In 28mm, Dixon Miniatures have several very nice women with dress and gun in the Pioneer Women section of their Old West range. Black Scorpion have a model in their Town Watch pack that might work. Knuckleduster Miniatures have a woman with a dress and a gun and in their Women of the Gun pack. Irregular Miniatures also offers a woman with rifle. Brigade Games have a woman with a shotgun, albeit with a hat instead of a scarf.

In 15mm, Peter Pig have a women with shotgun in their Wild West range. A similar model can be found in the Minifigs Wild West range.

Bibliography

Larson, Kate Clifford: Bound for the Promised Land. Harriet Tubman, Portrait of an American Hero, New York: Ballantine 2004.

Grigg, Jeff W.: The Combahee River Raid. Harriet Tubman & Lowcountry Liberation, Charleston: The History Press 2014.

 

Meet the Neighbours!

We’ve settled well into the new city and apartment, although the heat is unbearable at the moment. Fortunately, I met fellow wargamers Sigur Skwarl and Virago, who took my mind off the weather by preparing a game set in good cold England.

This was my first game of Dux Britanniarum, but as a longtime Lardies fan, I recognized many of the mechanisms. Also, my hosts occasionally gave me hints when I was about to make a mistake – they don’t know yet that this had nothing to do with me being a beginner and all with me being a tactical dunderhead!

The British village.
The British village.
Close the door, I spot Saxons!
Close the door, I spot Saxons!

I took the stalwart Romano-British, which had to defend their village from a raid by greedy Saxons played by Sigur. The first couple of turns, Sigur rushed his men towards the village centre while the Saxons advanced at a more leisurely pace.

Saxons storming into the village...
Saxons storming into the village…
...and British marching to stop them.
…and British marching to stop them.

The only exception was a young British Big Man, who spurred his warriors on and advanced in front of the British line. When the Saxon saw this, they immediately charged, massacring their poor enemies. Fortunately, my force morale didn’t suffer – seems no one liked the overambitious guy.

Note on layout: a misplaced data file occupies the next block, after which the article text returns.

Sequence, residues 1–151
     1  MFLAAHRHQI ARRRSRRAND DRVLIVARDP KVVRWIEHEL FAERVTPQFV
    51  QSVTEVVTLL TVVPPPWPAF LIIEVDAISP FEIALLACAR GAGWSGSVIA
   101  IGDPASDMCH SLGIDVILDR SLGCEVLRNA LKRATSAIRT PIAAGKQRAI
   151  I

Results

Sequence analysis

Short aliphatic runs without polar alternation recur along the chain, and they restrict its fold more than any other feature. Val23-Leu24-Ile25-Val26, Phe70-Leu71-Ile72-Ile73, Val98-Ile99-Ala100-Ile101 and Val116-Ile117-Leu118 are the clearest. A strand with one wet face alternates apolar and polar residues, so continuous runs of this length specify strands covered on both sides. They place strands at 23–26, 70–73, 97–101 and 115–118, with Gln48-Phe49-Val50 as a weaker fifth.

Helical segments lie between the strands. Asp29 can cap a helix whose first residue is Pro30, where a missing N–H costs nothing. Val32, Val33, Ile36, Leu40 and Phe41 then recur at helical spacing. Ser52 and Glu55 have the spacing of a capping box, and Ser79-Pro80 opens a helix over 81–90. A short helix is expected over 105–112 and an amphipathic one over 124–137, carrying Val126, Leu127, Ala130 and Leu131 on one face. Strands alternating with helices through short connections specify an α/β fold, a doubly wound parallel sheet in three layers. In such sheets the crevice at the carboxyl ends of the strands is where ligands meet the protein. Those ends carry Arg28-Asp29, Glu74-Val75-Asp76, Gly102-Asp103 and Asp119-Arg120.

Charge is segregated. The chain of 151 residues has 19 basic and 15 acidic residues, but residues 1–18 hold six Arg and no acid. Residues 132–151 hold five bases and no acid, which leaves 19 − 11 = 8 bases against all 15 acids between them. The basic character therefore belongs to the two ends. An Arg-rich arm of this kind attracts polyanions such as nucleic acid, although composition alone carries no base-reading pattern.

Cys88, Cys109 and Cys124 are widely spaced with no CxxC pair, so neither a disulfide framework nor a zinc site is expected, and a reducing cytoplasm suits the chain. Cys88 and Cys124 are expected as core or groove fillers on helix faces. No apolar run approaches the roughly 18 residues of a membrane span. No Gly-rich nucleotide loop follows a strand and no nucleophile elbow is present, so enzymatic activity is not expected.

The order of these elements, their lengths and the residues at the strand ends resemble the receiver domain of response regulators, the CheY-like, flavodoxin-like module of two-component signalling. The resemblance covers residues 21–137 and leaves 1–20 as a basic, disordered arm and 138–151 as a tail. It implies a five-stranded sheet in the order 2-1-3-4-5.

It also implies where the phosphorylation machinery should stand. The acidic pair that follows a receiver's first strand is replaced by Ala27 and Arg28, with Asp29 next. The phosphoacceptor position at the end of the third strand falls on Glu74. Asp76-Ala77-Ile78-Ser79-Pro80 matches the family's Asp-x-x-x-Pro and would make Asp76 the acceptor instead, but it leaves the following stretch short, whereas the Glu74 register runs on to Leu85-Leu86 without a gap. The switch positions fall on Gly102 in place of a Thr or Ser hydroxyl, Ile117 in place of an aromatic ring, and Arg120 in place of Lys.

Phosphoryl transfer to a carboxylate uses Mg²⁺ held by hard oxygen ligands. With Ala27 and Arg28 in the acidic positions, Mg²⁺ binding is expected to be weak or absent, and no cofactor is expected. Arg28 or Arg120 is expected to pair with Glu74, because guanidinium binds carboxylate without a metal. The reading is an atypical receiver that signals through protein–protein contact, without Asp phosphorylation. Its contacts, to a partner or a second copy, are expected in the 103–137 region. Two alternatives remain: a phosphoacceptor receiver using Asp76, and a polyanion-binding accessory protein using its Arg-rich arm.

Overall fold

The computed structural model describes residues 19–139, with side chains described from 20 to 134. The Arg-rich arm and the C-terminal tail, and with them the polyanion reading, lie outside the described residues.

The victorious Saxons form a celebratory shield wall.
The victorious Saxons form a celebratory shield wall.

The Saxons started searching the houses for loot but didn’t find anything for several turns. I used the time to organise my levy into one big mass of unwashed terror and ushered them towards the Saxons.

The great unwashed.
The great unwashed.

They proved more resilient than any of us thought! In the end, however, they succumbed to the superior fighting skills of the Saxon elite.

With those guys gone, there was no real resistance left and the Saxons managed to carry off a couple of pigs. Salad only for the poor British this week!

This was a great game and a fun evening. Rules-wise, I really liked Dux Britanniarum. It was interesting to see how mechanisms already present in Sharp Practice have been refined and streamlined. Especially Force Morale is a concept that I would like to see in SP – maybe I’ll make a house rule to include it. The card system is very clever and the campaign looks impressive. All in all, it looks a bit as if Sharp Practice were a rough gem while Dux Britanniarum was a polished diamond. Don’t get me wrong: I still love Sharp Practice as it’s incredible versatile and lends itself to all kinds of tinkering, which is something I like to do. However, I’m really tempted to get a copy of Dux Brit and dust off my SAGA figures for some Dark Ages rumble.